Three Strategies to Expand Your ESG Offerings
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New offerings help financial firms keep pace with technology and serve generational client needs. Examples of this are environmental, social, governance (ESG), sustainable, or values-based investing. These offerings are quickly gaining traction and appeal among a certain type of clientele. They allow investors to design portfolio allocations around values and causes important to them, to deliver comparable performance and returns versus non-ESG offerings, and intentionally steer clear of companies that contradict specific criteria.
With a greater focus on corporate responsibility, preserving the environment, and other social issues, your firm may decide to offer ESG investing for the greater good or get left behind. But hasty adoption and promotion could just as quickly impair your firm’s credibility and clients’ trust. In the rapidly changing advisory profession, you must find new ways to swiftly meet your clients’ shifting needs while remaining strategic and authentic to your firm's values and goals.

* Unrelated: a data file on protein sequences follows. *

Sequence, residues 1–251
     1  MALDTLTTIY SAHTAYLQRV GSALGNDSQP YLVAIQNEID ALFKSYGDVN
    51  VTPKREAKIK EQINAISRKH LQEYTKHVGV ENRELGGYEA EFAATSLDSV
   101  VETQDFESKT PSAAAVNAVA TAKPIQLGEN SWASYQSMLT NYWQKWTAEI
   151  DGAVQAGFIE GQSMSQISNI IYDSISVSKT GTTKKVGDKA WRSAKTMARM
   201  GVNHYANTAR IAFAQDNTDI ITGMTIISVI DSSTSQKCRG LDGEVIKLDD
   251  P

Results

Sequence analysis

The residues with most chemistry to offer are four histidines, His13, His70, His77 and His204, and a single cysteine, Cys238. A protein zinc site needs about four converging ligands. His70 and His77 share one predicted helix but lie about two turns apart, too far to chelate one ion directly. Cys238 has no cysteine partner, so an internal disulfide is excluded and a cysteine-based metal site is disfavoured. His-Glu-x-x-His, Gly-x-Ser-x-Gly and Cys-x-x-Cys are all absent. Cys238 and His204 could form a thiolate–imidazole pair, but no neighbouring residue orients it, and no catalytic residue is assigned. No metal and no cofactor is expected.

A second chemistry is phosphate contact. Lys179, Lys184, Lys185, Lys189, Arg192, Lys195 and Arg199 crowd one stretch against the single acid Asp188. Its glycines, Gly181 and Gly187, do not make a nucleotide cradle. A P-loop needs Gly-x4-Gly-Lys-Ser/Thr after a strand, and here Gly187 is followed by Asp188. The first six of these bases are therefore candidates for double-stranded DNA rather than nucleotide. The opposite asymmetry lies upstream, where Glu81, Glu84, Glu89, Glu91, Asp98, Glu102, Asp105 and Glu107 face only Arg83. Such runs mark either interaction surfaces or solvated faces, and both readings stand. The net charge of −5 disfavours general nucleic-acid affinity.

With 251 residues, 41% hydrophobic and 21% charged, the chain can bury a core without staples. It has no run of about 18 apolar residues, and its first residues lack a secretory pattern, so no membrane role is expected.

It’s rarely worth jumping into change without a game plan. It comes down to execution and how you demonstrate your expertise and values to create loyalty and trust, especially around a new service offering that may seem complex, confusing, or unfamiliar to current or prospective clients.
When should your firm begin to leverage a new offering, if at all? Let’s talk about ESG investing and share three strategies to help your firm discuss and market a new product or service in an authentic, practical, and distinctive way.
1. Internalize it
The first step to incorporating ESG or any new technology, service, or concept into your practice is defining what it means to you and your clients so you can ultimately make the offering a sustainable value add. Your efforts will lack impact if you’re perfunctory or pursuing a trendy label for short-term gains. Take a step back and evaluate what the new offering means to you – so you aren’t one of the many firms that jumps into a new service without a clear strategy for engagement, communication, or points of difference.